which will be handed down before the end of the

    session."

    4. The judgment referred to in paragraph 8 of the order was in fact handed down on the same day the order was made, i.e.

    rdthe 23 January 2003. In that judgment the Court of Appeal expressed the view that whether it upheld or set aside the judgment of this Court against which the applicants had

    appealed, "on the affidavits which were already filed either by the appellants or by the respondent there would clearly be serious disputes of fact” (vide page 2 of that judgment); and

     went on to state at page 6 thereof that ..... the whole purpose

    of referring the matter for the hearing of oral evidence was to overcome any problems in relation to affidavits filed thus far and that any issues relating to them should no longer be a

    consideration in having the dispute between the parties resolved by oral evidence", (my emphasis).

    5. Issues 1(a) to (d) of the Court of Appeal order are the ones that require to be determined by this Court. Furthermore, a close examination of these issues reveals that they substantially incorporate the reliefs originally sought by the Applicants at paragraph 2 of their notice of motion, and the reliefs contained in the supplementary affidavit of the First Applicant filed on the 4 March 2002. The Respondent has urged the Court to determine who the Applicants are in this action so that there should be no doubt or confusion as to who the beneficiaries of the court order would be in the event the Court finds in favour of the Applicants, especially when it came to the implementation of the court order by the Government. It is an established principle that a Court should be able to supervise its own orders and to achieve that purpose it is important that there should be certainty as to who the litigants are in any given case. The Court has also from time to time raised this matter with Counsel for the Applicants because no witnesses

    who testified purported to speak for all the Applicants; even Losolobe Mooketsi (PW7) who relocated to New Xade where he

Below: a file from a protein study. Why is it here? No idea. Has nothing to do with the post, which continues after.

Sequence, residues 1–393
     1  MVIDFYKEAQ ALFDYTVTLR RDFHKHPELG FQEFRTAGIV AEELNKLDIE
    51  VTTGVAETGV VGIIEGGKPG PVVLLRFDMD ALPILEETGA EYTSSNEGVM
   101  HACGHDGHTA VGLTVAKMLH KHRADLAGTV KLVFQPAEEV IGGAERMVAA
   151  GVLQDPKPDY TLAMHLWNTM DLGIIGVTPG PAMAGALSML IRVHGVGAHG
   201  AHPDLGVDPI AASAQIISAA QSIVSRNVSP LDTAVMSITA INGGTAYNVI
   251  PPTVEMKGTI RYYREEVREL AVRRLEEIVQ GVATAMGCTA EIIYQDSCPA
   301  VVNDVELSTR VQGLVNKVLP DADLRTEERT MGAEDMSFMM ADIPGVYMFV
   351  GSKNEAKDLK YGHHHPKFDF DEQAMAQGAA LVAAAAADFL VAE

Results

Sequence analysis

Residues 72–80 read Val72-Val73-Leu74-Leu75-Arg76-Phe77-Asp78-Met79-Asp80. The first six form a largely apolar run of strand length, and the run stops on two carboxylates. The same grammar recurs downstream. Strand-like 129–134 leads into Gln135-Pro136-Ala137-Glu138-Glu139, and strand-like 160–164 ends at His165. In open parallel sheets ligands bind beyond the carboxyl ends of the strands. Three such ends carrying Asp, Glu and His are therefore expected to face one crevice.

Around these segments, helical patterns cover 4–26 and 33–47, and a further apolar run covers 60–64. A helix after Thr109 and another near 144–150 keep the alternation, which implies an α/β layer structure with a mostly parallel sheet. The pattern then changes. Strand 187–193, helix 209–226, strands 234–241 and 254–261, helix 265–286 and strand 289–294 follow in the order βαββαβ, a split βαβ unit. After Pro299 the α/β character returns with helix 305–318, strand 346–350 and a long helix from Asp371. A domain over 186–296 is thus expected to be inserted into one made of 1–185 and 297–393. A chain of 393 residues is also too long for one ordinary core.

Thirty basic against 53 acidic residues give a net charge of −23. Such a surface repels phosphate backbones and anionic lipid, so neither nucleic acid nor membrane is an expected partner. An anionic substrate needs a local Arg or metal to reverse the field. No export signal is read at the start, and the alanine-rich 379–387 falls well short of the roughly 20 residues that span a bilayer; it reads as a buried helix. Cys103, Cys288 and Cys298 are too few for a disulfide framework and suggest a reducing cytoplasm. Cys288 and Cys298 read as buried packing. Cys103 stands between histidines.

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    was a paid Headman of Arbitration for Kikao Ward did not purport to speak on behalf of the Applicants. It has been argued by Counsel for the Applicants "that it would have been utterly impossible to call more than 240 Applicants to testify as to the individual circumstances in which each of them was relocated." This may well be so but it did not and could not debar or prevent the calling of the leaders of the Applicants to testify on behalf of the Applicants in regard to the circumstances surrounding the relocation of the Applicants from

    the CKGR in early 2002. It is also important to identify who the

    Applicants are so that the outcome in this action binds only those persons. When the action was instituted there were 243 Applicants and some have since died, but were not substituted, while others did not come forward to prosecute their claim. One hundred and eighty-nine Applicants have authorized Attorneys Boko, Motlhala and Ketshabile to represent them in this action and it is those Applicants whose names appear in

    Table A annexed to the judgment who are parties to this action.

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    6. The trial took some 130 days spread over a period of just over two years and the typed record of the proceedings comprise some 18,900 pages. During the trial, there were several lengthy postponements at the instance of the Applicants, and save, for only one week when one of us was bereaving due to the loss of his mother, and may Her soul rest in ever lasting peace, the trial was never postponed for the reason that the Court was in no position to proceed with the same. At the commencement of the trial, the Court decided to conduct an inspection in loco of the new settlements of Kaudwane and New Xade outside the CKGR, and of the settlements of Gugamma, Kikao, Mothomelo, Metsiamanong, Molapo and Old Xade inside the CKGR. The decision to conduct the inspection of the settlements inside the CKGR was strongly opposed by the legal representatives of the Applicants in May 2004, but was supported by the Respondent who also asked the Court to visit Gope inside the CKGR. The main ground for opposing the inspection in loco of the settlements inside the CKGR by the legal representatives of the Applicants was that there was nothing for the Court to see in

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    those settlements as the residents who used to live there had relocated to outside the CKGR. The Court decided to defer the visit to Gope, but indicated that it would do so if the need arose during the trial. The Court conducted the inspection in loco

    ththfrom the 4 to 7 July 2004 of the new settlements outside the Reserve and those inside the Reserve. The trial commenced in New Xade on 12 July 2004 when the first witness for the Applicants started to testify. During the inspection,

    photographs were taken and a photo album and video of that inspection have been compiled.

    7. (a) At Kaudwane the Court drove around the village on

    ththe 4 July 2004 and observed the Kgotla made of a concrete structure roofed with corrugated iron; a clinic; a rural administration centre; an unused tannery; a primary school consisting of four buildings with additional buildings under construction and teachers‟ residences; semausu (vendor shop);

    homesteads with two to four huts as residential accommodation per compound; homesteads with huts and one-roomed